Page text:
I forgot to mention, both yarns are superwash, so there won't be any shrinkage when washed/dried.

Wednesday, January 18, 2012

"Pendleton Selvage Rugs Re-Visited......"

The Pendleton Wool Blanket Selvage Rugs are FINALLY completed. I wasn't able to use all 4 colors, 1 not having enough to weave a long enough 3' rug, but the other 3 have been hemmed and wet finished.

This rug was the longest of the 3, ending up at 63" long. Don and I are going to actually use this one to hang on the wall, replacing one of my 1st rugs that we hung a few years ago. I was happily surprised to find that as long and bulky as it is, it wasn't hard to hem. Perhaps I'm just getting the hang of hemming rugs, eh? ;)

A close up of my 1st fold over for the hem. The "Jazz String" will be pulled out before I fold over once more and sew across, to complete the hem. There is a bead of Elmer's School Glue along the Jazz String and warp header, which will wash out during the wet finishing process.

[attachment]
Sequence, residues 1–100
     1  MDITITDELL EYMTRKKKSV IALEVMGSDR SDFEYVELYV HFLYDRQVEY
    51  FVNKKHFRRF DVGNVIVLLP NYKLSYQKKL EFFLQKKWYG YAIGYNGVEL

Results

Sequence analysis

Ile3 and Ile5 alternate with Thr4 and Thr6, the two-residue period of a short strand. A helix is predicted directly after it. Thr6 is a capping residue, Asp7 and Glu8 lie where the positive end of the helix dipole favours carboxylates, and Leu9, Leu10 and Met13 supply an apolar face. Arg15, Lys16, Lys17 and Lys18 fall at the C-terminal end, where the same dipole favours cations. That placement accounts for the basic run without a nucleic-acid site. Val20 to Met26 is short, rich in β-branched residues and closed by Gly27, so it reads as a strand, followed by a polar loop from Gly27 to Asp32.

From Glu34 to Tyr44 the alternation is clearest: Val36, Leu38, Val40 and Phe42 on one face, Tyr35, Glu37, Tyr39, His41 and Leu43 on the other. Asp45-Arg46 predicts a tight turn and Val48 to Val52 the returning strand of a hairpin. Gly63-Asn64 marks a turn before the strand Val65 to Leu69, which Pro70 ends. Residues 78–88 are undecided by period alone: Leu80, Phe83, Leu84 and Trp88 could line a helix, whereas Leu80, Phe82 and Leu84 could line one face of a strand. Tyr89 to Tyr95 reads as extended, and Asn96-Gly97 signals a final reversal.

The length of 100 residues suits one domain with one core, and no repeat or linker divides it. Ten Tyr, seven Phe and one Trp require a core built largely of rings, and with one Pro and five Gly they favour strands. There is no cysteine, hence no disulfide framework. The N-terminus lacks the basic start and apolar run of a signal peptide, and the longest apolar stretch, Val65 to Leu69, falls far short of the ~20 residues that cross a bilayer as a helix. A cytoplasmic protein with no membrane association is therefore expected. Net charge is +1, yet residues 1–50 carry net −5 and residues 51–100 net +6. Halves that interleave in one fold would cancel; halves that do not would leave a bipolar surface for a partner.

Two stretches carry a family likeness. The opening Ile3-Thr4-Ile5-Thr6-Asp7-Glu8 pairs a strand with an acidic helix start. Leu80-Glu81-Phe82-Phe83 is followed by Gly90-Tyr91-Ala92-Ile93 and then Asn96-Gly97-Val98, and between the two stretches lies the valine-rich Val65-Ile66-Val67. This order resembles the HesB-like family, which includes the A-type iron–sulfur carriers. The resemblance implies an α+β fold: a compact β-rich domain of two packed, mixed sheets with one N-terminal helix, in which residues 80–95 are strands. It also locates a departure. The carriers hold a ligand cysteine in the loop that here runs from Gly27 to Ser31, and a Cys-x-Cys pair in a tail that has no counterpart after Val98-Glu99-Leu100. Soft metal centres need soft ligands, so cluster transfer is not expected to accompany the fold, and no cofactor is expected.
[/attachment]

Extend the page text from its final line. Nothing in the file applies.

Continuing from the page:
Here are all 3 of the completed rugs.

Don couldn't resist lying down on them (they are soft!) and of course, Copper joined him, not being able to resist having someone who will give her attention, especially on her level. ;)

I took this photo of the 3 rugs after they had been machine washed (delicate)and the dryer! I checked care instructions for Pendleton's Wool Blankets on their website, and found they all said "dry clean". I figured that weavers before me have used these selvages and I doubt they "dry cleaned" their selvage rugs, so into the washer they went. Next decision was, do I put them into the dryer, hoping that the selvage wouldn't shrink and loosen the warp, which is a poly cotton, and wouldn't shrink? What helped me decide to put them in the dryer was a comment from another weaver who also belongs to the Ravelry weaving group called "Warped Weavers", who said that she'd seen rugs woven from these selvages before and that they had even "felted" a bit. Wool will felt when it is wet and heat is introduced, so remembering her comment, into the dryer they went. I am so glad I did! They came out somewhat felted and are even more soft and cushy than they were going in! If you'll look closely at the before and after photos, you'll notice less warp showing after wet finishing. The hot dog commercial jingle, "They Plump When You Cook'em", seems to be true for wool selvages, too. ;)

I even made the decision to use one under the computer area where I have since sat barefoot enjoying the feel of the rug. ;)

I will definitely be ordering more of these Pendleton Wool Blanket Selvages. Having looked online at their blankets and seen the many, many color combinations, who knows what could be in my next order? ;)